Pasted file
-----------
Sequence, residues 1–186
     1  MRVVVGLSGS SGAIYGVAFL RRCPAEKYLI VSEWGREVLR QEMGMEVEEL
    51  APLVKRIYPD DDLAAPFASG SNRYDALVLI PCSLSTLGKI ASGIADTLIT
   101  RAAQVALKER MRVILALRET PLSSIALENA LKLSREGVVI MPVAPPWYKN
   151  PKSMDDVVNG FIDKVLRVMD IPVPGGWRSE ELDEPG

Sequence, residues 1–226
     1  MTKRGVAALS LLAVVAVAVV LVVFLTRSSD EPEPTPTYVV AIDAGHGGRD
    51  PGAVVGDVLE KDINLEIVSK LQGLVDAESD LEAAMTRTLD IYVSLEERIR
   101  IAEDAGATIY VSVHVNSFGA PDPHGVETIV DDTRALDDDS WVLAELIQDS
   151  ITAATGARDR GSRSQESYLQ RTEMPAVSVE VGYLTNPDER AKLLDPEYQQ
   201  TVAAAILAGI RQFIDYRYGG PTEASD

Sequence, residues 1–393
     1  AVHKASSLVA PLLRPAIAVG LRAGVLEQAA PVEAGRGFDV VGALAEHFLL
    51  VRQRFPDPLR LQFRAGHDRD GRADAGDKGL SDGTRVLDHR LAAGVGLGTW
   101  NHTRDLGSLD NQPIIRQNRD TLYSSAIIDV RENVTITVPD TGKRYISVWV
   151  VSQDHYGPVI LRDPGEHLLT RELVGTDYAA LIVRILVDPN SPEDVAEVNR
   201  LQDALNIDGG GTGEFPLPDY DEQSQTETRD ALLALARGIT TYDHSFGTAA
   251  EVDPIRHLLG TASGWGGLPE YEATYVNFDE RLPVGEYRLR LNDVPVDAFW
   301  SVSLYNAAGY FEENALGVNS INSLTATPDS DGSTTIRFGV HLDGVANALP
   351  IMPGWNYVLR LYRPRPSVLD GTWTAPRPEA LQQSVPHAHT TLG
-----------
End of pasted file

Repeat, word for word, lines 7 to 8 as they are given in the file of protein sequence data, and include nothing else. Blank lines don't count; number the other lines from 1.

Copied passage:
     1  MTKRGVAALS LLAVVAVAVV LVVFLTRSSD EPEPTPTYVV AIDAGHGGRD
    51  PGAVVGDVLE KDINLEIVSK LQGLVDAESD LEAAMTRTLD IYVSLEERIR